Conservatives insist party conference will go ahead despite Commons rejection

The Tories have insisted their party conference will go ahead despite the Commons voting against the Government's request for a three-day recess to coincide with the event.

Prime Minister Boris Johnson

Tories had warned the economy of Manchester would be hit if opposition parties "scupper" their attempts to go ahead with their annual conference in the city next week.

But a motion asking for the Commons to be in recess on Monday, Tuesday and Wednesday next week was defeated by 306 votes to 289 - a majority 17 - earlier today.

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Boris Johnson was said to be "disappointed" by the decision.

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A source said: "If somebody needs to do PMQs, somebody will do PMQs."

The convention of allowing party conference to go ahead in recess had stood for 80 years, the source said, adding: "That this zombie Parliament has decided otherwise reflects much more on this Parliament than anyone else."

As First Secretary of State, Dominic Raab would normally be expected to stand in for the Prime Minister at the session.

The problem has arisen because Mr Johnson's plan to suspend Parliament was derailed by the Supreme Court, which ruled it was unlawful.

That meant the Commons and Lords will now be sitting on Monday, Tuesday and Wednesday.

The conference may have to be "scaled back" in places if MPs have to remain at Westminster, the senior Tory source acknowledged.

With the four-day event which starts on Sunday estimated to be worth more than £30 million to Manchester, the source said local businesses will suffer if it is curtailed.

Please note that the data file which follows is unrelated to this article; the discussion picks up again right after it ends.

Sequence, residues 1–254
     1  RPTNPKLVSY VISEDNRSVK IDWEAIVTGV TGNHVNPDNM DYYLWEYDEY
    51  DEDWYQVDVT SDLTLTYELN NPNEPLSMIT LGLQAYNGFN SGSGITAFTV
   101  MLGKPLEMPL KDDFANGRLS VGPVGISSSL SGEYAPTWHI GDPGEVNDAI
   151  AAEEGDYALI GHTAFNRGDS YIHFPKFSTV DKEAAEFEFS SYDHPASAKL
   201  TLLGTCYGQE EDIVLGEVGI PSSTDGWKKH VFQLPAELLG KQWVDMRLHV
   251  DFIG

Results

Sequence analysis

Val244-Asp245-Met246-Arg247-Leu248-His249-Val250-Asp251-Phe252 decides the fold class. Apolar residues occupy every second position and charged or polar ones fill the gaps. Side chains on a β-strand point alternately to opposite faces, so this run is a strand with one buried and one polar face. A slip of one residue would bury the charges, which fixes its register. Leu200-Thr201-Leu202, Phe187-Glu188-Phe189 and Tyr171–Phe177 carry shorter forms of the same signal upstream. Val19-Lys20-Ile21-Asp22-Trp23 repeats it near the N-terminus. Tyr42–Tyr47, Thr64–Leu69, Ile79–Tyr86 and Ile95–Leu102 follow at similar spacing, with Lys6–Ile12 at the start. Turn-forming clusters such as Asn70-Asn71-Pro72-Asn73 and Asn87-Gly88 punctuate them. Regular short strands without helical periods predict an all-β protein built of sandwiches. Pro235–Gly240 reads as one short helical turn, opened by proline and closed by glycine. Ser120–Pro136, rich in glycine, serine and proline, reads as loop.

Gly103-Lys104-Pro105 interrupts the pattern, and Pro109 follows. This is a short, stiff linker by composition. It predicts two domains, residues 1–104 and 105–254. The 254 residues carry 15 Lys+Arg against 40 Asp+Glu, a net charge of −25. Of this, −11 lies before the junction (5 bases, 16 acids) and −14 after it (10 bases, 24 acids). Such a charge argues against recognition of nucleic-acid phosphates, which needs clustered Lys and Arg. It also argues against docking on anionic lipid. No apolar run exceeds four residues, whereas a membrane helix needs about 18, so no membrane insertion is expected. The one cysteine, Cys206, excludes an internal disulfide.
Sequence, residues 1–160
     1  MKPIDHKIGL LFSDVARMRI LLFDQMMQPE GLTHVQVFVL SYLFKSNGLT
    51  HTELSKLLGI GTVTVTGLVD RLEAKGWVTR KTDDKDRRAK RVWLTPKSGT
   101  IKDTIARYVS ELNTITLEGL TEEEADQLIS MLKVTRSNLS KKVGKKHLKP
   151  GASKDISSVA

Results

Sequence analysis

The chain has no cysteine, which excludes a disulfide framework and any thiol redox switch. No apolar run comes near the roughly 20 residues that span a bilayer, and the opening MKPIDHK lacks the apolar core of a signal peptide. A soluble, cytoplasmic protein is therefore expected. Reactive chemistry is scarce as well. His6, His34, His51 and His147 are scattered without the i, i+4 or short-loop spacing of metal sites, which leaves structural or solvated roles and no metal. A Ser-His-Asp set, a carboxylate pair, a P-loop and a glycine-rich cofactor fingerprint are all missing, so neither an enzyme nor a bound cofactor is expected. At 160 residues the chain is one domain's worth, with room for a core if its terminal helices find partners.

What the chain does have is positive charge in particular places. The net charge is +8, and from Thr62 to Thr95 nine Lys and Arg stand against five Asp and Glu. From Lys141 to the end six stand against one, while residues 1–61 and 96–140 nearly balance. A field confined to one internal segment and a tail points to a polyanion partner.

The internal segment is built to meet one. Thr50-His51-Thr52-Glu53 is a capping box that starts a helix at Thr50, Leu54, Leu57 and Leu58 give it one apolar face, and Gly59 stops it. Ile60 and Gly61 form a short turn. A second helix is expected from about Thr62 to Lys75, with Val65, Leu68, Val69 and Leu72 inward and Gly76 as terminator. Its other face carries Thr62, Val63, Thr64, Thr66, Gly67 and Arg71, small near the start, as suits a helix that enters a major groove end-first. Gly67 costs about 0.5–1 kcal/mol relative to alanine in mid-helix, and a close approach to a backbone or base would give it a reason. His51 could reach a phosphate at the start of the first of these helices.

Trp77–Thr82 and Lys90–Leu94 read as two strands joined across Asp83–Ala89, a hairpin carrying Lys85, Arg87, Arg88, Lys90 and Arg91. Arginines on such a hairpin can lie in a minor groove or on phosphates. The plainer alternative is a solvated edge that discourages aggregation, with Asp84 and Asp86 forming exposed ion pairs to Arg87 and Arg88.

A Number 10 source said: "If they do not allow Conservative Party conference to go ahead with a recess at the same time, it will be incredibly damaging for the economy of Manchester."

After the Government lost the vote, Commons Leader Jacob Rees-Mogg announced non-controversial business for when the House sits on Monday and Tuesday next week.

He added the Domestic Abuse Bill, which has cross-party support, will be debated on Wednesday.

"As the Prime Minister has made clear, the Conservative Party conference will go ahead as planned."

Speaking in the Commons, SNP MP Patrick Grady (Glasgow North) said: "My heart does bleed for the poor Conservative ministers and backbenchers who will have to come to the House now during their conference."

Mr Grady said the SNP conferences do not get a recess, despite the party's status as the third largest in the Commons.

The division list for the vote showed several former Tory ministers, now sitting as Independent MPs, opposed the recess motion.

They included Amber Rudd, Ken Clarke, David Gauke, Justine Greening and Dominic Grieve.

The Independent MPs to support the recess motion included former Tory ministers Greg Clark, Caroline Nokes and Steve Brine.